Could Democrats Beat Chris McDaniel?

Republican Senate candidate Chris McDaniel of Mississippi
National Journal
Alex Roarty
See more stories about...
Alex Roarty
June 24, 2014, 7:45 a.m.

Make no mis­take: Chris McDaniel (R) walks in­to to­night’s Mis­sis­sippi Sen­ate primary run­off the fa­vor­ite. That’s the as­sess­ment of just about every Re­pub­lic­an op­er­at­ive keep­ing a close eye on the race — even those friendly with Sen. Thad Co­chran (R). With that in mind, some GOP op­er­at­ives are already start­ing to con­tem­plate what would hap­pen if McDaniel makes it to the gen­er­al elec­tion.

— The oppo hits leveled against the state sen­at­or will leave a mark to last long after Tues­day. State party lead­ers, the Bar­bours, and of­fi­cials at the NR­SC have done everything from call­ing McDaniel a crim­in­al to link­ing him with white su­prem­acists. Just as bad: They’ve said re­peatedly that should McDaniel win the nom­in­a­tion, Trav­is Childers (D) could go on to win in the fall.

— Demo­crats think Childers could po­ten­tially beat McDaniel, too (though it would be very dif­fi­cult; not­ably, most strategists rank Mis­sis­sippi as a much less prom­ising pick-up op­por­tun­ity than either Ken­tucky or Geor­gia). And they’re de­lighted be­cause the GOP’s at­tempts to paint McDaniel as an ex­trem­ist isn’t a mes­sage that needs any tweak­ing for the fall. If the goal is to win over 100,000 or so Co­chran sup­port­ers, Demo­crats might start by simply du­plic­at­ing an ad Co­chran’s cam­paign is run­ning now.

— In the weeks after Tues­day’s run­off, watch to see if McDaniel is able to re­con­cile with any part of the Co­chran cam­paign, the NR­SC, or maybe most im­port­antly, Haley Bar­bour him­self. Any such meet­ing of the minds would be a big sym­bol for Mis­sis­sippi voters and no doubt of­fer a boost to his fun­drais­ing. Re­pub­lic­ans have made awk­ward re­la­tion­ships like this work be­fore: Just re­mem­ber Mitch Mc­Con­nell and Rand Paul in 2010.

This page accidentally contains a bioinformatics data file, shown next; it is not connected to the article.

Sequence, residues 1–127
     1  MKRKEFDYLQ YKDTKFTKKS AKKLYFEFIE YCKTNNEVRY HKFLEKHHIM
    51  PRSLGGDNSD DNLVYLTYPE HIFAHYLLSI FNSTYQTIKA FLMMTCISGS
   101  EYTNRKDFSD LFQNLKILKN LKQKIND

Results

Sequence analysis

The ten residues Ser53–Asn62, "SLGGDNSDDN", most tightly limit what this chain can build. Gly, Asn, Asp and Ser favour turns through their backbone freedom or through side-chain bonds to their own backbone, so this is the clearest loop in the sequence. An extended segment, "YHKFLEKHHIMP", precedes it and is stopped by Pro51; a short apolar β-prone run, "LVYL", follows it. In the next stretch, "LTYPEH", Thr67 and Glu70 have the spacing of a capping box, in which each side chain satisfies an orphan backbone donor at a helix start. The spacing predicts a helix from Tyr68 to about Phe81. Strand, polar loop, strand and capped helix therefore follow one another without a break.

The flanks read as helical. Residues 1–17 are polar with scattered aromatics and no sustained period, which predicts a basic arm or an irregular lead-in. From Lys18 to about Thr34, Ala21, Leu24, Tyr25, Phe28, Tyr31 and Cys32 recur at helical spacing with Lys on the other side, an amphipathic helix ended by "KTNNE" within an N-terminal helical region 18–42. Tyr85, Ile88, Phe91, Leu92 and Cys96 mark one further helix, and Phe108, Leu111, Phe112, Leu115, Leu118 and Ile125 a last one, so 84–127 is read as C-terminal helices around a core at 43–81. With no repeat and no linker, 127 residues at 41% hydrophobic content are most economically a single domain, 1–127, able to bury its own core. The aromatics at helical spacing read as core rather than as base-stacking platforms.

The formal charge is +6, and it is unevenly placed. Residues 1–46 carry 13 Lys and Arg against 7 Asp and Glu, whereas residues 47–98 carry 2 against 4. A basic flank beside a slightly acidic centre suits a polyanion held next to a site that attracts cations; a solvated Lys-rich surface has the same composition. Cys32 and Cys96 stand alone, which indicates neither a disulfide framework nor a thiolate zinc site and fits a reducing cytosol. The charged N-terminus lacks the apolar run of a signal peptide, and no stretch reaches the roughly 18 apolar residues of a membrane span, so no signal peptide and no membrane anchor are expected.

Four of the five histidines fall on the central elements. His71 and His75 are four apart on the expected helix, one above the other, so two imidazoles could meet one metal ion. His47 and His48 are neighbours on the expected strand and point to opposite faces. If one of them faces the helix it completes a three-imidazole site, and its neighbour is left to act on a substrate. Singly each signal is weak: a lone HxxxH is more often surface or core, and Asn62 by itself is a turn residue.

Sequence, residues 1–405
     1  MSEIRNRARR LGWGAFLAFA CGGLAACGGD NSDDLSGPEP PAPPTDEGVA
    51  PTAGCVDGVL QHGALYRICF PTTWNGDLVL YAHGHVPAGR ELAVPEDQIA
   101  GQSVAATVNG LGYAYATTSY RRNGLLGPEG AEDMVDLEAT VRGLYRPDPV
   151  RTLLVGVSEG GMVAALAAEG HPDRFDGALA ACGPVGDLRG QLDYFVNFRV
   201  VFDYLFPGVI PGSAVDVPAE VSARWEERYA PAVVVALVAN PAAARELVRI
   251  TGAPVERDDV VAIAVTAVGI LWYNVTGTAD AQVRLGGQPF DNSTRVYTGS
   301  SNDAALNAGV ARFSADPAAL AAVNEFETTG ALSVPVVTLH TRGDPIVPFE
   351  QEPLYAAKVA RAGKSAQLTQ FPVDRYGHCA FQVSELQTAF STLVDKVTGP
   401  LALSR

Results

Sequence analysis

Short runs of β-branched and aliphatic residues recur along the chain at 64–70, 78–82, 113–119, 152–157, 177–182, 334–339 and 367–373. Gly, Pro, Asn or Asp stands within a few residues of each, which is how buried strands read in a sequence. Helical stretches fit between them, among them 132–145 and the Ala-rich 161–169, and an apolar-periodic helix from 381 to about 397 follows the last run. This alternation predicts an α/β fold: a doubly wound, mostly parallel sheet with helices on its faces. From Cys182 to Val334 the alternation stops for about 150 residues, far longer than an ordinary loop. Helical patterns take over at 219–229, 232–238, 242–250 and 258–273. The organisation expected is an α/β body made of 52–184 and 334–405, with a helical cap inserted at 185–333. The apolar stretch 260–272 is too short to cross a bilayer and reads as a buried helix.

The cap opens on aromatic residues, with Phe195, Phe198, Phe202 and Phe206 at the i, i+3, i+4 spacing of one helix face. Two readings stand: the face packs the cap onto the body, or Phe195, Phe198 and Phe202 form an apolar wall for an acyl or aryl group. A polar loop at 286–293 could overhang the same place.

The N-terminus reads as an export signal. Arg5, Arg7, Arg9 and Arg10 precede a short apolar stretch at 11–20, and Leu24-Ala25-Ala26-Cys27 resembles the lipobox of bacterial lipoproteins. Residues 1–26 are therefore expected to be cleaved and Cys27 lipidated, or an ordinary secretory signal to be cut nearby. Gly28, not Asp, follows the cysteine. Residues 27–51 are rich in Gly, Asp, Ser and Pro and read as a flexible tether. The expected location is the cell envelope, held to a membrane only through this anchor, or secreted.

McDaniel’s best as­set is that he’d still be run­ning in Mis­sis­sippi, in a midterm year, at a time when Pres­id­ent Obama‘s ap­prov­al num­bers are nearly dip­ping in­to the 30s in some polls. But even in a good state and strong en­vir­on­ment, there could be a lot of drama there the next five months — if McDaniel does, in fact, win Tues­day night.
— Alex Roarty

What We're Following See More »
Priebus Asks Party to Unite Behind Trump
3 hours ago
Sanders Upsets Clinton in Indiana
4 hours ago

Despite trailing Hillary Clinton by a significant margin, Bernie Sanders wasn't going the way of Ted Cruz tonight. The Vermont senator upset Clinton in Indiana, with MSNBC calling the race at 9pm. Sanders appears poised to win by a five- or six-point spread.

Ted Cruz Bows Out, Effectively Ceding the Contest to Trump
5 hours ago

And just like that, it's over. Ted Cruz will suspend his presidential campaign after losing badly to Donald Trump in Indiana tonight. "While Cruz had always hedged when asked whether he would quit if he lost Indiana; his campaign had laid a huge bet on the state." John Kasich's campaign has pledged to carry on. “From the beginning, I’ve said that I would continue on as long as there was a viable path to victory,” said Cruz. “Tonight, I’m sorry to say it appears that path has been foreclosed."

Trump Wins Indiana, All but Seals the Nomination
5 hours ago

The Republican establishment's last remaining hope—a contested convention this summer—may have just ended in Indiana, as Donald Trump won a decisive victory over Ted Cruz. Nothing Cruz seemed to have in his corner seemed to help—not a presumptive VP pick in Carly Fiorina, not a midwestern state where he's done well in the past, and not the state's legions of conservatives. Though Trump "won't secure the 1,237 delegates he needs to formally claim the nomination until June, his Indiana triumph makes it almost impossible to stop him. Following his decisive wins in New York and other East Coast states, the Indiana victory could put Trump within 200 delegates of the magic number he needs to clinch the nomination." Cruz, meanwhile, "now faces the agonizing choice of whether to remain in the race, with his attempt to force the party into a contested convention in tatters, or to bow out and cede the party nomination to his political nemesis." The Associated Press, which called the race at 7pm, predicts Trump will win at least 45 delegates.

Inside the AP’s Election Operation
10 hours ago